Even accepting such an approach might be suicidal or extremely difficult thanks to Fenris' nature, it would surely be the target of multiple Chaotic cults. The earliest novel featuring Ragnar Blackmane featured a Thousand Sons plot to corrupt the planet, mentioning that there had been previous attempts before this, but the lore never really makes use of this. The idea of how they are constantly under threat never seems to be in full focus nor the state of constant vigilance they need to remain in with their planet so close to the heart of humanity's traitorous forces in the universe.
If the codex wants to flesh things out further it could focus upon this. Present times when Chaos has tried and failed to launch massive invasions against Fenris or how the Space Wolves have prevented them nearing the world through prior planning. Perhaps also how scouts among their number keep track of tribes or teach them to recognise the signs of Chaos among their number, preventing cults from arising upon the untamed world. It would be a nice area for the lore to focus upon and problems for it to fully address at long last, not to mention opening up possibly story opportunities throughout the chapter's long, lauded history.
4. Former Executioners
Since the time of the Great Crusade, many chapters underwent changes. Along with fragmenting into smaller forces in accordance with the Codex Astartes, many had to suffer from the losses of the forefathers, dramatic genetic failings, corruption from within and new threats. Compare the Iron Hands or Blood Angels today with those of the past and there is a dramatic difference, but none more so than the Space Wolves.
Originally deemed the Emperor's executioners, the chapter was tasked with doing the unthinkable and being unleashed against other legions who turned from the Imperium. They were a dark element in a brighter galaxy at that time, tasked with performing necessary evils so that the Imperium might survive. Even in comparison to the likes of the World Eaters or Night Lords they were suggested to perform horrific acts of savagery, and that many elements of their nature were more of a facade.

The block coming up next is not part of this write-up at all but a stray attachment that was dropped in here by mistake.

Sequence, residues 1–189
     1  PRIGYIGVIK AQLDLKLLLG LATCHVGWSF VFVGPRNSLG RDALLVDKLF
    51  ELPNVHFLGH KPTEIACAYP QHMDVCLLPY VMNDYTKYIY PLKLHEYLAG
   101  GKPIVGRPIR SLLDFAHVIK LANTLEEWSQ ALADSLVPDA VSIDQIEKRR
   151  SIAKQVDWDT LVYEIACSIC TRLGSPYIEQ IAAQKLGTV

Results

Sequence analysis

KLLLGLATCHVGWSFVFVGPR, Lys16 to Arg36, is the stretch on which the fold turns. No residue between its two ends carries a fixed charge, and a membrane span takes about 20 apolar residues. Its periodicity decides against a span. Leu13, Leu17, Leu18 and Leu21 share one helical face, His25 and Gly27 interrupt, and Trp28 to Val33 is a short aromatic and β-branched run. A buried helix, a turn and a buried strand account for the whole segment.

Skip forwards to M41 and they have effectively become the complete antithesis of their previous role within the Imperium and most basic attitudes. Rather than using it as a facade, the chapter seems to embrace many elements of its more bombastic viking nature and rather than performing necessary evils, they are one of the few chapters fighting for the common man.
This has come about thanks primarily to the writings of Dan Abnett and Chris Wraight, and the revelations made during the Horus Heresy series. However, as a result of this the current codex does not knowledge this new information nor the apparent change the chapter underwent over the last ten thousand years. We saw the beginnings of this in Battle of the Fang and some sections of Scars which openly stated that the galaxy, and the chapter, were both changing. However, there has been no effort to produce real reasons as to why this truly happened or what provoked such a shift in behaviour.